Private Limited Company
As Nicks & Co was readjusting to the role of timber merchant again, senior partner Thomas Drury died in August 1955, leaving the business to be carried on by his sons Tom, John and Kenneth. In January 1960, the three brothers converted the business into a private limited company, and a year later they purchased the freehold of Canada Wharf. This paved the way for them to upgrade the mill, including replacing their steam engine by electric power in 1963 (51).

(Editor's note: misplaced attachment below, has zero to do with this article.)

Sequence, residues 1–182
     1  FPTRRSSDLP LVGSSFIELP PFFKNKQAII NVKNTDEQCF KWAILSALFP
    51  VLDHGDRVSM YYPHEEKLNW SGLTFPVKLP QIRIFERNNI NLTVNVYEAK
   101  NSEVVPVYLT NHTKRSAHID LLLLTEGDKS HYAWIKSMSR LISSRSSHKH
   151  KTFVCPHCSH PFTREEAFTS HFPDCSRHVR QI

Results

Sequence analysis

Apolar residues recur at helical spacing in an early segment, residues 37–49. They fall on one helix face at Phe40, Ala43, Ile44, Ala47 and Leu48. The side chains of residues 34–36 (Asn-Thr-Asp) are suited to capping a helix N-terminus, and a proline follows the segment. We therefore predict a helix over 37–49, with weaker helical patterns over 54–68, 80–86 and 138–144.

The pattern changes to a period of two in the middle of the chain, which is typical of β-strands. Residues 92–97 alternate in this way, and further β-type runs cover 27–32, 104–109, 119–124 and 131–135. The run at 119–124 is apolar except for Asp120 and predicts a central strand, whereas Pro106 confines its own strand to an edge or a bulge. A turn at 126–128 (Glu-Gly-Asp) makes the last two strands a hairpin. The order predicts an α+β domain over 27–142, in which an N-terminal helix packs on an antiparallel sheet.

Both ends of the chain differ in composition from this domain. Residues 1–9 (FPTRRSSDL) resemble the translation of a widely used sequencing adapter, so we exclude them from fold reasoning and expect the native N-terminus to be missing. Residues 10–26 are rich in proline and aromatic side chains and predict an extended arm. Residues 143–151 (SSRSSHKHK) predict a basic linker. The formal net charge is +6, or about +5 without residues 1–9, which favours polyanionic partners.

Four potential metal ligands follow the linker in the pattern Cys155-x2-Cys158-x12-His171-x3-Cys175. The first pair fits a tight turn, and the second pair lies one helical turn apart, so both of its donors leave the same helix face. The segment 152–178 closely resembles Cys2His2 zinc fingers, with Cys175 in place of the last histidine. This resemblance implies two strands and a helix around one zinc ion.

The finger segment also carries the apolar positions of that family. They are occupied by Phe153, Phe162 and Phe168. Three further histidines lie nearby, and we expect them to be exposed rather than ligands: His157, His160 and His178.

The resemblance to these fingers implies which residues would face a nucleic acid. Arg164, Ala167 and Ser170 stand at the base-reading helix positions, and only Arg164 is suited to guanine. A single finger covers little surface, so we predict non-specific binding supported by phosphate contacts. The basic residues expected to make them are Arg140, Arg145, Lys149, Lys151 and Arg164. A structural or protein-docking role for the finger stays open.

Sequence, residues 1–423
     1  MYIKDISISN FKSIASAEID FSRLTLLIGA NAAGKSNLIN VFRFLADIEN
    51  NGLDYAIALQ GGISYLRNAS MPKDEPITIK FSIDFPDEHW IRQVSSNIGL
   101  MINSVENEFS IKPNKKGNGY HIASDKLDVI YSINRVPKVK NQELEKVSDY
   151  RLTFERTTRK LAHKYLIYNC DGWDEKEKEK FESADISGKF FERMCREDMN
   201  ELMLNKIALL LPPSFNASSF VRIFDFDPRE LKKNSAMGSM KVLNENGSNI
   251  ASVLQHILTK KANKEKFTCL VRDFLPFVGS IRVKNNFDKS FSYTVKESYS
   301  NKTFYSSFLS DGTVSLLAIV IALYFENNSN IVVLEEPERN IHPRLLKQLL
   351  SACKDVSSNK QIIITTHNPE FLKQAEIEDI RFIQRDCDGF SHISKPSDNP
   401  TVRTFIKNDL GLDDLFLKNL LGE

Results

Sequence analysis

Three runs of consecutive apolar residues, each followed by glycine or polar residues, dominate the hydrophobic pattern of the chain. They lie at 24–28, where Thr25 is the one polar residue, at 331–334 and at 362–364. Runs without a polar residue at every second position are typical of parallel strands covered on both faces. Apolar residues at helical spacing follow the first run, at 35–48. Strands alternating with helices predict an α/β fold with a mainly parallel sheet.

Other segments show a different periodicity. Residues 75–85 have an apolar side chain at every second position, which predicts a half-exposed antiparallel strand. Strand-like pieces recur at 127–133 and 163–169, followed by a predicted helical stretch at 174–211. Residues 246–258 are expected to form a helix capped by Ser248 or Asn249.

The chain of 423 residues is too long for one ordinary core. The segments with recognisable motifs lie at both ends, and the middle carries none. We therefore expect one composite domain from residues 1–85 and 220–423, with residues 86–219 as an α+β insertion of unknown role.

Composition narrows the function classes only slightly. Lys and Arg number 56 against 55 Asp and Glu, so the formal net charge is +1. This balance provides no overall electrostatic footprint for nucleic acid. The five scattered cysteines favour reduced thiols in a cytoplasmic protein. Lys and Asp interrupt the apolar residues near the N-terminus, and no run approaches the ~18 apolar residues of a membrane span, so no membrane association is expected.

The 1960s was a time of great change in the timber trade, particularly due to the new practice of packaging timber in the country of origin and the use of machines for handling timber in the yard. Tom Drury and his son Chris toured the Baltic ports to persuade suppliers to package their timber, and they arranged for this to be shipped in coasters that could deliver direct to Canada Wharf. This saved the expense of transhipment into lighters at Sharpness, but the Gloucester dockers claimed it was their work to unload a coaster and insisted on the employment of a much larger gang than was really needed. This method of importing continued until July 1986, when MV Eosarrived from Oskarshamn, Sweden, with 1062 cu m for Nicks & Co and Romans & Co. (Fig. 5) After that, all supplies arrived by lorry from east coast ports and from forests in Scotland (52).